Go Daddy, the popular and controversial Web domain and service company, which crashed and burned, along with millions of it customers on September 10th, is now claiming that it wasn't taken down by a distributed denial of service (DDoS) attack, but by “a series of internal network events that corrupted router data tables.”
Yesterday, GoDaddy.com and many of our customers experienced intermittent service outages starting shortly after 10 a.m. PDT. Service was fully restored by 4 p.m. PDT. The service outage was not caused by external influences. It was not a "hack" and it was not a denial of service attack (DDoS). We have determined the service outage was due to a series of internal network events that corrupted router data tables. Once the issues were identified, we took corrective actions to restore services for our customers and GoDaddy.com. We have implemented measures to prevent this from occurring again.
At no time was any customer data at risk or were any of our systems compromised.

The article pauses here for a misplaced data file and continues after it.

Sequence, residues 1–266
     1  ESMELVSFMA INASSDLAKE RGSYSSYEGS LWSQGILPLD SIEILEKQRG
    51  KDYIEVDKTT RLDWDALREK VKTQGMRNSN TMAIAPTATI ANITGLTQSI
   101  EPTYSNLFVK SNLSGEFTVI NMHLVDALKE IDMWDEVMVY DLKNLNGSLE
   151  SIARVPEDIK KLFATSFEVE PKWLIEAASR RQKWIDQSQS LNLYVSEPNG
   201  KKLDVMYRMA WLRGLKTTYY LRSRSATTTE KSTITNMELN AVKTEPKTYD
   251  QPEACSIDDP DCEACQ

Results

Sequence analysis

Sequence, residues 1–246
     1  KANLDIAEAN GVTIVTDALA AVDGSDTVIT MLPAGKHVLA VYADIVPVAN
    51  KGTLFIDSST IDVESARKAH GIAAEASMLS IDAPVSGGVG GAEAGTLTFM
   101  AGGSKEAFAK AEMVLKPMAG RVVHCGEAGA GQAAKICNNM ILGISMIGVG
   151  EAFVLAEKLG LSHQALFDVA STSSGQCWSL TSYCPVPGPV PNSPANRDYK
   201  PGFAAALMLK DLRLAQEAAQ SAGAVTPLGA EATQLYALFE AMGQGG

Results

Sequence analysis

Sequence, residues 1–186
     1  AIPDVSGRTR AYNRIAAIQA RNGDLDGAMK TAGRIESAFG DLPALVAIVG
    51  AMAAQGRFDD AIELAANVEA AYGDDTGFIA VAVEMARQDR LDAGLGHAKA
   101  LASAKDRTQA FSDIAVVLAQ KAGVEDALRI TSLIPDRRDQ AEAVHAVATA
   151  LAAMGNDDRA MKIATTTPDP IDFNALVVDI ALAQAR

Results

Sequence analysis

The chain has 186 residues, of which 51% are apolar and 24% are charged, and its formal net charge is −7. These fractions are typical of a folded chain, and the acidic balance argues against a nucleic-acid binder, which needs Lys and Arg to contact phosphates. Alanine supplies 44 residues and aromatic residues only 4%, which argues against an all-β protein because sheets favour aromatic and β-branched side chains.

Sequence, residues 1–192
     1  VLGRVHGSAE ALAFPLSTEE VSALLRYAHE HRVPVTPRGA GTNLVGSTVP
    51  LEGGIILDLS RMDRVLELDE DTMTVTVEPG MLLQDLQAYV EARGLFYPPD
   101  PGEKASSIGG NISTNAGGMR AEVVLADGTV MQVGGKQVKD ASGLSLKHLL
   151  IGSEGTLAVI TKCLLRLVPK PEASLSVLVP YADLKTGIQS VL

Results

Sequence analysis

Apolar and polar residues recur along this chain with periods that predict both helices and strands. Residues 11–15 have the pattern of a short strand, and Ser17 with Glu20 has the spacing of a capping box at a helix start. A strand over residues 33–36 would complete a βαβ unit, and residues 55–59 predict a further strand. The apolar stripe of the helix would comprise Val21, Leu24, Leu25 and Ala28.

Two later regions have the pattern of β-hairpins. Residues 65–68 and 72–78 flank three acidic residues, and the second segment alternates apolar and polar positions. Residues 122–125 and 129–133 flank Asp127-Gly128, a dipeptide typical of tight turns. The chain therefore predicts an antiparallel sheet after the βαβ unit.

Throughout our history, we have provided 99.999% uptime in our DNS infrastructure. This is the level our customers expect from us and the level we expect of ourselves. We have let our customers down and we know it.
A Twitter user, called @AnonymousOwn3r, had claimed sole responsibility for the alleged attack, saying, "was only me not the Anonymous [collective]". On his Twitter profile, he claims to be a "security leader of #Anonymous." He goes on to say in an earlier tweet that he was "behind many things such like irc, ops, attacks [sic]."
However, one of the 'main' Anonymous account, @YourAnonNews, has distanced the hacking collective from the alleged attack, saying in a tweet: "Please redirect your godaddy hate to @AnonymousOwn3r says is the 'leader' of Anonymous."
The attack, unlike most DDoS attacks had taken down not just Go Daddy-hosted Web sites, but Go Daddy's Domain Name System (DNS) services as well. For a time, Go Daddy moved its DNS record to rival domain services provider VeriSign.
In addition, as Andrew Allemann, editor of Domain Name Wire, noted earlier today, "incredible how [it was taken] as fact what a single twitter user said about yesterday’s #GoDaddy attack. ”
Wager closed his statement with “We take our business and our customers' businesses very seriously. We apologize to our customers for these events and thank them for their patience.” Whether Go Daddy's tens of millions of customers will accept this apology remains to be seen.